• The agent 327 receives checkout information from the settler 357 and the access code of the survey (when applicable) from the collector 339. This information is returned by the agent 327 to the interface 715, which controls the LCD drive 725 and the printer drive 730 accordingly.
  • The server 250 further includes a drive 740 for each kiosk. The kiosk drive 740 receives the access code of a specific survey, and passes it to the collector 339 (through the agent 327). The collector 339 extracts the information relating to the survey (identified by this access code) from the repository 735. The relevant questions (from the database 342) and the corresponding discounts (from the database 345) are then returned to the kiosk drive 740, which controls their downloading. The kiosk drive 740 also receives the answers provided by the consumer to those questions, which answers are then saved into the corresponding repository 348. In response thereto, the collector 339 instructs the kiosk drive 740 to return information for printing the applicable discount coupon or voucher; at the same time, the collector 339 deletes the entry for the completed survey from the corresponding repository 735.
  • Similar considerations apply if the supermarket implements a standard checkout. The only difference is that the sniffer drive is replaced with a bar-code reader drive (for providing the product list) and the PSA drive is replaced with a card reader drive (for providing the identification code of the consumer).
  • As shown in FIGS. 8 a-8 b, the logic flow of a market research process implemented by the above-described system is represented with a method 800. The method begins at the black start circle 803 in the swim-lane of the register. Continuing to block 806, the identification code of the consumer is received (through his/her PSA or the card reader of the register). The product list is likewise provided at block 809 (using either the sniffer or the bar code reader). The method then passes to block 812, wherein the information so obtained is uploaded to the server.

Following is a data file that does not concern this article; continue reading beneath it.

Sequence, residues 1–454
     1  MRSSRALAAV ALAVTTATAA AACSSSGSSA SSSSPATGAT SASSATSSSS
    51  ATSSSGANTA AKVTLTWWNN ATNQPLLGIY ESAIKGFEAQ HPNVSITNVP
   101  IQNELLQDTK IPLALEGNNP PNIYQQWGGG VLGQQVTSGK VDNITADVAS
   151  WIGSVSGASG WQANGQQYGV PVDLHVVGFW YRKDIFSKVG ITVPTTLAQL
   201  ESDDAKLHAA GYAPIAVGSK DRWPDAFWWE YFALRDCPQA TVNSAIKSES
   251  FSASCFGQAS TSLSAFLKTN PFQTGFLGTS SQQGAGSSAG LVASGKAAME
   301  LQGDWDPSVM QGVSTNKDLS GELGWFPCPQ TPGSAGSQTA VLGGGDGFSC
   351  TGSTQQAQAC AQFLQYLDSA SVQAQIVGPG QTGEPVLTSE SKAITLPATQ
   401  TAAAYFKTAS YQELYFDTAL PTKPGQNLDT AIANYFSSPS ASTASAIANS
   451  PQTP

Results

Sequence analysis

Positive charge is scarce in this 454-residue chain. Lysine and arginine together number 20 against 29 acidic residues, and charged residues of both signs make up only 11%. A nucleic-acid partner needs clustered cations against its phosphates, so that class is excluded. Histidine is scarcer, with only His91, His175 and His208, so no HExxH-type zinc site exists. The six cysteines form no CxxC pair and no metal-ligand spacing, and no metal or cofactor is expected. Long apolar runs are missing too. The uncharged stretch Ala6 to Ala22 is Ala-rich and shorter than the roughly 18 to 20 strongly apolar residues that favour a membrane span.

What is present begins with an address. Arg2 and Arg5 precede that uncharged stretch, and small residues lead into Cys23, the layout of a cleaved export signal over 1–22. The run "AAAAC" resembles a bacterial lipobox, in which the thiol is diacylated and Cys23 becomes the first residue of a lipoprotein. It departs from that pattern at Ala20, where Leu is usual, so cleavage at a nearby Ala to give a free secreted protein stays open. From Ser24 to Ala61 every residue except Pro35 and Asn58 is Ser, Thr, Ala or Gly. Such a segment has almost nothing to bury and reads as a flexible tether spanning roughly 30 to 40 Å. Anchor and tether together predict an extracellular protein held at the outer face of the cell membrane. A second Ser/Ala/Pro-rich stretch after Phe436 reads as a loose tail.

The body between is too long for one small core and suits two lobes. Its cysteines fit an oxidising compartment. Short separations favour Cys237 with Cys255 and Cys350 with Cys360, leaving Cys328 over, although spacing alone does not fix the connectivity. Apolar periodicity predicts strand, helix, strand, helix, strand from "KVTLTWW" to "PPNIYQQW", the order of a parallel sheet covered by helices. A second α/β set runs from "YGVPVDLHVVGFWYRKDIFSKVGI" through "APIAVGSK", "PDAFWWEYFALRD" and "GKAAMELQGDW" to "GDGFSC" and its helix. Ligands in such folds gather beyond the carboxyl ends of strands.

• Moving to block 815, the historical information of the consumer is accordingly updated. The flow of activity then passes to block 818, wherein the product list is used to determine the checkout information. The method then verifies at block 821 whether the consumer has been chosen for performing the market research (according to the selection rate). If so, the server at block 824 selects the products (among the ones that have been purchased) for which the collection of market data is desired (according to the selection policies and the historical information of the consumer). Assuming that at least one product meets those conditions, a new access code for the corresponding survey is generated at block 827 (for example, incrementing by one a dedicated counter). Continuing to block 830, information about the new survey is saved into the corresponding repository. With reference now to block 833, the access code of the survey is added to the checkout information. The flow of activity then descends into block 836; the same point is also reached from block 821 directly when the consumer has not been chosen for the market research (or no purchased product meets the required selection conditions).
  • Considering now block 836, the checkout information so obtained is returned to the register. In response thereto, the register at block 839 prints the corresponding check (with the invitation message and the access code in bar-code format when necessary).